On July 28, 2014 the U.S. National Academies of Sciences published a press release reporting that the U.S. National Research Council confirmed styrene’s listing as “reasonably anticipated to be a human carcinogen”. Chair of the panel Jane Henney pointed out that a hazard assessment, not a full risk assessment, was carried out. The conclusion on styrene formed part of the National Toxicology Program’s 12th Report on Carcinogens (RoC). The panel states that there is limited but credible evidence in humans, sufficient evidence in animals and convincing relevant information from mechanistic studies for styrene’s carcinogenicity. Styrene is also used in food contact packaging, including the packaging of dairy products, ice cream, meat and fruits. The American Chemistry Council (ACC) responded to the publication in a press release stressing that styrene and polystyrene, which is a polymer made from styrene, are two different substances. The ACC further states that the U.S. Food and Drug Administration (FDA) continues to consider polystyrene safe for food contact.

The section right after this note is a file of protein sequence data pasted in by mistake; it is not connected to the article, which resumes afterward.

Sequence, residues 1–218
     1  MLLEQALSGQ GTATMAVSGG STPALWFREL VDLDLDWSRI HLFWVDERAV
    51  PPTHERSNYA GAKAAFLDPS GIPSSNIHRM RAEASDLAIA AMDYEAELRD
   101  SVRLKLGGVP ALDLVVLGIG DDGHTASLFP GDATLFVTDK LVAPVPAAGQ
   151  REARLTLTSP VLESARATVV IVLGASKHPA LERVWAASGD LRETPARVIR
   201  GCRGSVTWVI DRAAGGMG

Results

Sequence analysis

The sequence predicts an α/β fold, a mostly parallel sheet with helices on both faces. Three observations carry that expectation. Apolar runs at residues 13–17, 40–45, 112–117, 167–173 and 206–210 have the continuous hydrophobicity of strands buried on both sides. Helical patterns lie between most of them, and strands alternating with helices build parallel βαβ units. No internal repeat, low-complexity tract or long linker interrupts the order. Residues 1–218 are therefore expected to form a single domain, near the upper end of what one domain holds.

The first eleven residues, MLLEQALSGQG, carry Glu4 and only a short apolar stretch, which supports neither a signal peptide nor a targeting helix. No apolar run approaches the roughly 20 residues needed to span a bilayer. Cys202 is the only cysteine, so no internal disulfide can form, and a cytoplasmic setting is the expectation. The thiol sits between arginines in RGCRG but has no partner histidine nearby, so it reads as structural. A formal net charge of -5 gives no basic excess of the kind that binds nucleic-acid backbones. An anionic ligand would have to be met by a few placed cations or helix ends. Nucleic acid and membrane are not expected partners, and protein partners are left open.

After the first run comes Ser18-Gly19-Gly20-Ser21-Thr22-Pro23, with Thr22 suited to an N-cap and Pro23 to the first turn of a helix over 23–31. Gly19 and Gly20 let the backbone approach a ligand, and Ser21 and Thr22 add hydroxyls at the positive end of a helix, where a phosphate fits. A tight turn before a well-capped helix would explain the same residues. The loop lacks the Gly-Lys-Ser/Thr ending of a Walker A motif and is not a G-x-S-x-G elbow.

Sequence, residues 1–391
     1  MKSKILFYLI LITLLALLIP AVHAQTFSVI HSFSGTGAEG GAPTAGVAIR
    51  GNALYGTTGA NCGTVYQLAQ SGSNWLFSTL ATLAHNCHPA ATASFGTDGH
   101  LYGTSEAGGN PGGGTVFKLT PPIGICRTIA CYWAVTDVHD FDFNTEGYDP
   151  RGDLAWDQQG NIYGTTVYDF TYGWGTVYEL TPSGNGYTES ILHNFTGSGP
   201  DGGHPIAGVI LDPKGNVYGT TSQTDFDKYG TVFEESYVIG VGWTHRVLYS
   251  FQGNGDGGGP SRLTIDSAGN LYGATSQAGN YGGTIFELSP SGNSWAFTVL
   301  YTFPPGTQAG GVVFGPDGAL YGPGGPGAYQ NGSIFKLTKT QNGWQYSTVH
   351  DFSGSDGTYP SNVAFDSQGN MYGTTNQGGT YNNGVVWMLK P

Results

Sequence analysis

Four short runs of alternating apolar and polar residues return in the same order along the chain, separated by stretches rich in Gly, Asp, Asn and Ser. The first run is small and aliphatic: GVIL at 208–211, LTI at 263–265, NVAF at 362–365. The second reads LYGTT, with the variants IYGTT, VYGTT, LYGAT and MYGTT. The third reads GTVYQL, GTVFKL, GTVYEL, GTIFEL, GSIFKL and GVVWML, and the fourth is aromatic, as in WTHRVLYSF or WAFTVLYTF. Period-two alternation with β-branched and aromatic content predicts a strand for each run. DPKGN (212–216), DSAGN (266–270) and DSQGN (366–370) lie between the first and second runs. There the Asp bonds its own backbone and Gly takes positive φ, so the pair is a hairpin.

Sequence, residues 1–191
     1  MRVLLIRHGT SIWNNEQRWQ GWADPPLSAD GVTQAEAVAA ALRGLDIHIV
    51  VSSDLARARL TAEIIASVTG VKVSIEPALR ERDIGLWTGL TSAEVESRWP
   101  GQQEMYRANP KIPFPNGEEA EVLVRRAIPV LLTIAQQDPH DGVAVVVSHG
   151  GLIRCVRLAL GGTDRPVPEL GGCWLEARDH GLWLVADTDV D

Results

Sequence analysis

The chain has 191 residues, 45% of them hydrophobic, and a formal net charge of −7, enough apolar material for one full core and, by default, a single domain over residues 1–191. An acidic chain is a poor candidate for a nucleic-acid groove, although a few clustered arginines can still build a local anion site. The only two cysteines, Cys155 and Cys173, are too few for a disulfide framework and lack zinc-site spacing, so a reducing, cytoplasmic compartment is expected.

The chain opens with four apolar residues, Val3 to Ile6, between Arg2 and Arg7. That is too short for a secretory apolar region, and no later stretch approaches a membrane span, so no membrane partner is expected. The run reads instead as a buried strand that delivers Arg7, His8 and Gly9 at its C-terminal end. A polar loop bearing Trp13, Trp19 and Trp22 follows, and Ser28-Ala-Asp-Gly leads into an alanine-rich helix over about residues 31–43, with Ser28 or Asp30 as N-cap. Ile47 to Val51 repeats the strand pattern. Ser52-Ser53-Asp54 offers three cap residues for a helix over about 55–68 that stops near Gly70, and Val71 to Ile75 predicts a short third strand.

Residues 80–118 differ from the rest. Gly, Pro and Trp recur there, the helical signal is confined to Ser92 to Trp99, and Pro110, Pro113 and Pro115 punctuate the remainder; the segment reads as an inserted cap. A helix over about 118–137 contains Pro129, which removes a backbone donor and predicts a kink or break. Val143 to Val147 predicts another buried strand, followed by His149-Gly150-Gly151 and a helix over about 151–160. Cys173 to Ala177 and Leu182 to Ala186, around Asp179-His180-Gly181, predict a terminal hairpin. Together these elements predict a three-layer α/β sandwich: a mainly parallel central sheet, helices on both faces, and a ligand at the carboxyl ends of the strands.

National Research Council (July 28, 2014). “Styrene reasonably anticipated to be a human carcinogen, new report confirms.”
ACC (July 29, 2014). “American Chemistry Council highlights polystyrene foodservice packaging safety information.”